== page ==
Realism had previously found its way into superhero comics in dribs and drabs; never in such a well-crafted and articulate manner. On Marvelman, he asked a question that had eluded decades of extant creators before him: how would the presence of an actual superhero affect the world?
Seen from under the shadow of his influence, the question seems obvious now, but still worth asking. Moore himself addressed it again, in a more thoroughly developed manner, in his most famous book, Watchmen. And ever since, a significant chunk of the industry has been dedicated to repeating that question over and over, like a stray fugue screeching in its head.
Moore's dismissal of essentially every superhero comic since his early work in the genre, including his own, says more about his own irascibility, bitterness, and regret than the true state of the form. Anyone who hasn't read the stacks of great comics over the last decade certainly doesn't have any valid opinions about them.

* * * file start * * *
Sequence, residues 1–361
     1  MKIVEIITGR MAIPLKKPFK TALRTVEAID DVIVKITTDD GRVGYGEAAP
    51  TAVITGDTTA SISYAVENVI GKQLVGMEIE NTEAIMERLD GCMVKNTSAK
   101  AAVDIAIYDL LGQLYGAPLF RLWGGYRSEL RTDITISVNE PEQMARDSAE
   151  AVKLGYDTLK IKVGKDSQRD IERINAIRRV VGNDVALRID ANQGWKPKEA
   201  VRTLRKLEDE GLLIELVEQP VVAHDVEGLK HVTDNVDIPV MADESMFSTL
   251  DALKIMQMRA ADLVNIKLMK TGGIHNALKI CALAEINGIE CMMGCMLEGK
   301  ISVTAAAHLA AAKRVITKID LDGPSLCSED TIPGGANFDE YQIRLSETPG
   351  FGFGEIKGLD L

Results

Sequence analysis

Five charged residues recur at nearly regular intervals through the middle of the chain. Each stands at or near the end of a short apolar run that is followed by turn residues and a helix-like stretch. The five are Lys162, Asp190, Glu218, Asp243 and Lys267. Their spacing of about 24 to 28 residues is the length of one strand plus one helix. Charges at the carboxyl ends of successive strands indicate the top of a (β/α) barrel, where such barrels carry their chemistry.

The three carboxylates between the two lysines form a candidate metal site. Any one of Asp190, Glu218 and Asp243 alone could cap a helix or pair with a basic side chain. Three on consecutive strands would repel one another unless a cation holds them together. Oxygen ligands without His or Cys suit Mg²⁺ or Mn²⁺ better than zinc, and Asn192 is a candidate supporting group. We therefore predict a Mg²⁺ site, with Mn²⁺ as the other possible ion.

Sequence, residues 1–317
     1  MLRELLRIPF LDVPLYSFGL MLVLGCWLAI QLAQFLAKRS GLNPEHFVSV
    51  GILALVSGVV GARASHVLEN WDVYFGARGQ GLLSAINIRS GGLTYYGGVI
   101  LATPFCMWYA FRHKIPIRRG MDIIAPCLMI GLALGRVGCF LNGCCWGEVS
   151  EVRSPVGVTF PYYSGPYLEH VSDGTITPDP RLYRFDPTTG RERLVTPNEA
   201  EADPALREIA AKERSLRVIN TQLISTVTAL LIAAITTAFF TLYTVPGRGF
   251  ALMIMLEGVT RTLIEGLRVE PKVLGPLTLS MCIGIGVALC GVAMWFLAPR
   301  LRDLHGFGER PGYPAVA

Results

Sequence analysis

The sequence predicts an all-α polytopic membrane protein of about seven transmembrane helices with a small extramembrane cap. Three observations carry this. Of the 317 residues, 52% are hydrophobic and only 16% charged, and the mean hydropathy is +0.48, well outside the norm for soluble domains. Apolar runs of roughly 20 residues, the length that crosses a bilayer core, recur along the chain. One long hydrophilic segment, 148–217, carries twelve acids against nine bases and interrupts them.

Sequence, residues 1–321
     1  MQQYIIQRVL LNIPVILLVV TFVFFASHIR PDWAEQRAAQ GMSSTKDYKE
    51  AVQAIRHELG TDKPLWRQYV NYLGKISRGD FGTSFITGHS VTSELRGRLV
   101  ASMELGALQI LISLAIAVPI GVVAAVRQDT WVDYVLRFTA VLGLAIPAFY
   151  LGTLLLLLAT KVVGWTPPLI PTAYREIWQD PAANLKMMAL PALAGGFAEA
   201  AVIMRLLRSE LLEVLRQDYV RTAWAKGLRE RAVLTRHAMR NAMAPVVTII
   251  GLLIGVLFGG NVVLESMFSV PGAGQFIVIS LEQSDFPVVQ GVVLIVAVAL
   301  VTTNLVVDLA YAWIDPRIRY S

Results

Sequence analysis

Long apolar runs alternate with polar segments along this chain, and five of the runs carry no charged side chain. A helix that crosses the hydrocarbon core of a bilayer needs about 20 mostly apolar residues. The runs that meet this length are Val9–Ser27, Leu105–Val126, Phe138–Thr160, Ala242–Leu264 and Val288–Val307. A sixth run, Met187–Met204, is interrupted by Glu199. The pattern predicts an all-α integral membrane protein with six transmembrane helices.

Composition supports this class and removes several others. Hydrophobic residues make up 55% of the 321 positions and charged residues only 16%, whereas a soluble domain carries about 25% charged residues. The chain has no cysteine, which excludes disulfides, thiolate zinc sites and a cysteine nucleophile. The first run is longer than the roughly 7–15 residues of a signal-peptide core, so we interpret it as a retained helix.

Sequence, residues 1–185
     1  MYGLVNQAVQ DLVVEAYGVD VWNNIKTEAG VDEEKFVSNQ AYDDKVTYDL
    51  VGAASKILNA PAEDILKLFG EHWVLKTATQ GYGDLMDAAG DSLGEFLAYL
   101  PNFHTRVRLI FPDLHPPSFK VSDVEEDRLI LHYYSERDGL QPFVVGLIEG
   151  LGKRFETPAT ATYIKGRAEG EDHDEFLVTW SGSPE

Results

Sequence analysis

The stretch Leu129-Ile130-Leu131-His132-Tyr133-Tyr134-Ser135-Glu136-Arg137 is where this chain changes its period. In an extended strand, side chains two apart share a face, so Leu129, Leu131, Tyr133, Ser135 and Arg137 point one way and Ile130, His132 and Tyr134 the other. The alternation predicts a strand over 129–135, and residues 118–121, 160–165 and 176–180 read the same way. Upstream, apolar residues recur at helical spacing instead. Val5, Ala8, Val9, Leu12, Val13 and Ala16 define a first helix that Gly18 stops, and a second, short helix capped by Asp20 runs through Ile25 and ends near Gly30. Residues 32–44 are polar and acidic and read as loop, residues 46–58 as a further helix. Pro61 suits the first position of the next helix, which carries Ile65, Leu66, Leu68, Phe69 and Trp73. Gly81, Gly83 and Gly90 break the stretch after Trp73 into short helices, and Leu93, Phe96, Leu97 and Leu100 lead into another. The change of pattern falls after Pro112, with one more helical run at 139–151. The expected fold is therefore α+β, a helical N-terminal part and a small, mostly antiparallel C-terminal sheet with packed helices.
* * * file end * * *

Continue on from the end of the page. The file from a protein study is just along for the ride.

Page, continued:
Still, it's not hard to concede some merit to his perspective. After Moore placed the superhero in a reality more like our own to explore some very complex themes, a considerable portion of the genre followed suit in an attempt to recreate Watchmen's success, without recreating Watchmen's ingenuity and complexity.
Superhero comics are a copycat industry, and great successes always inspire waves of imitators, and that was no more apparent than in the mid-80s. When Watchmen became a crossover phenomenon, along with Frank Miller's The Dark Knight Returns, superhero comics got darker and grittier with alarming speed --- missing the point entirely.
The point, of course, is that in Watchmen, Alan Moore and Dave Gibbons did something different, and that's what the readership was really responding to, whether they knew it or not.